Legal Restrictions on Statements and Interpretations of the Past in Germany, Poland, Rwanda, Turkey and Ukraine
Edited By Klaus Bachmann and Christian Garuka
Why do states ban certain statements and interpretations of the past, how do they ban them and what are the practical consequences? This book offers an answer to these questions and at the same time examines, whether the respective legislation was supply-or demand-driven and how prosecutors and courts applied it. The comparison between Germany, Poland, Ukraine, Rwanda and Turkey offers several surprising insights: in most countries, memory law legislation is supply driven and imposed on a reluctant society, in some countries they target apolitical hooligans more than intellectuals or the government’s political opponents. The book also discusses, why and how liberal democracies differ from hybrid regimes in their approach to punitive memory laws and how such laws can be tailored to avoid constraints on free speech, the freedom of the press and academic freedoms.
Protecting the state and its historical identity: Klaus Bachmann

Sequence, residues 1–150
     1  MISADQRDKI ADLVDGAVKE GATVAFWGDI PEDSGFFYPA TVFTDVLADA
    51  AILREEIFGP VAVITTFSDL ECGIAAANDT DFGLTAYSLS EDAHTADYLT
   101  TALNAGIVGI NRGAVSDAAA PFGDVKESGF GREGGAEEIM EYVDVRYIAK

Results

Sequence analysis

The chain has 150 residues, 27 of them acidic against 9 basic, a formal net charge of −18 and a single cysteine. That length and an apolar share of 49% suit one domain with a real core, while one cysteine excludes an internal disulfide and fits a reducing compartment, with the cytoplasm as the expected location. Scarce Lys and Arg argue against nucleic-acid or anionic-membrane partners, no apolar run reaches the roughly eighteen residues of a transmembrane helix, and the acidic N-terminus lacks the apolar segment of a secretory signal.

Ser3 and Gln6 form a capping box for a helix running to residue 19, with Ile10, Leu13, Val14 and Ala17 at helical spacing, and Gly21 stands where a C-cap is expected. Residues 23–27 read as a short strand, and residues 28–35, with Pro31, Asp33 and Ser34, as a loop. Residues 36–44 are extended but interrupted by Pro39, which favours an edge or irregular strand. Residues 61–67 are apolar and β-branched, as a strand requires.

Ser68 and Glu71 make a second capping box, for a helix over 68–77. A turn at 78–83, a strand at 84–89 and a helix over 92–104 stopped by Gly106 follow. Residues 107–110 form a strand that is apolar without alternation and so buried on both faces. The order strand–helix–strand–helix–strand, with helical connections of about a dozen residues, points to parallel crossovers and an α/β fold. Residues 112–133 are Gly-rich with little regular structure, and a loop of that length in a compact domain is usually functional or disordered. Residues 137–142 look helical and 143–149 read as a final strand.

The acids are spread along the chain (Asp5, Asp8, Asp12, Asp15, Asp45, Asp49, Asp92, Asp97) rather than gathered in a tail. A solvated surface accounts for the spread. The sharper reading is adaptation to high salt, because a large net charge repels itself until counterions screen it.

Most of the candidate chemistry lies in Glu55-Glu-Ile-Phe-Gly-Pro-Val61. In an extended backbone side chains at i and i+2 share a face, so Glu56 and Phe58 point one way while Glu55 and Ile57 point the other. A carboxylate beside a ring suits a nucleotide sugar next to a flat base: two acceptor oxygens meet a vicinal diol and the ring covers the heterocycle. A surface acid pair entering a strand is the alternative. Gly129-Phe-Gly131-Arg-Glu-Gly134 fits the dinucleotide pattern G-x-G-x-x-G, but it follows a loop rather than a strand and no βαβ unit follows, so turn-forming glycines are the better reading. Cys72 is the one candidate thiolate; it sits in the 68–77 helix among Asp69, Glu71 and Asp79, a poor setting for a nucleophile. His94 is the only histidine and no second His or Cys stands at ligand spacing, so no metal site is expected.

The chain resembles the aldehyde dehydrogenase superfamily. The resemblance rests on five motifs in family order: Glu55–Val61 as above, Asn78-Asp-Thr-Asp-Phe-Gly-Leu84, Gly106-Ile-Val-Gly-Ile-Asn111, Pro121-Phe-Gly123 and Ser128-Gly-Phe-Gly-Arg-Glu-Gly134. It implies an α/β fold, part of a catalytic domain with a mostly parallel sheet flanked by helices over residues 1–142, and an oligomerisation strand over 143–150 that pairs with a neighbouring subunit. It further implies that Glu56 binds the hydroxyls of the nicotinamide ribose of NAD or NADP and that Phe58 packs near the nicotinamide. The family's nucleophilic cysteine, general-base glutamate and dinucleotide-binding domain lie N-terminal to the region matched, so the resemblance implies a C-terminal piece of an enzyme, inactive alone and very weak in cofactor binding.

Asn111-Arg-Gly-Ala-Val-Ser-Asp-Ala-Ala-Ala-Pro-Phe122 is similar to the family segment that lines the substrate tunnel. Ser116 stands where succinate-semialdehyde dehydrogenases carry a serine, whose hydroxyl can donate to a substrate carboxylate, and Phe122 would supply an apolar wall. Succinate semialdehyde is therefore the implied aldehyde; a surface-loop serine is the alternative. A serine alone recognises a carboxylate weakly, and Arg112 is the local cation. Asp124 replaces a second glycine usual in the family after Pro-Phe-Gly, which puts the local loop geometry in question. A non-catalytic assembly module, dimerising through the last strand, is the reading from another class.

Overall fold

The development of German legislation and jurisprudence criminalizing the denial of pastatrocities10
The history of Germany’s fight against Holocaust denial is rooted in events long before the Holocaust. It is, to a large extent, the story of art. 130 of the German Criminal Code (Strafgesetzbuch, StGB), which originated in the German Empire (Kaiserreich), where the article’s only edge was directed against the Social Democrat movement, which was regarded by the ruling elite of the Empire as the main threat for political stability, traditions and law and order. Together with social legislation and election rules discriminating against the social democratic opposition to Chancellor Otto von Bismarck’s rule, art. 130 was an instrument designed to curb the rise of the Social Democratic Party (SPD). Later, art 130 StGB was also a convenient tool for the authorities of the Third Reich for legally harassing critique, although they had created a multitude of additional instruments with which they could extinguish critical voices in society.11 These instruments ranged from extrajudicial imprisonment and street terror during the early 1930s to the ban of all other parties other than the National Socialist German Workers Party (Nationalsozialistische Deutsche Arbeiterpartei, NSDAP).
It comes with a surprise, though, that art. 130 StGB survived not only the Third Reich but also its downfall, the rule of the Western Allies in the three occupation zones and the creation of the German Federal Republic in 1949.
For Nazi-nostalgists and defenders of the Third...
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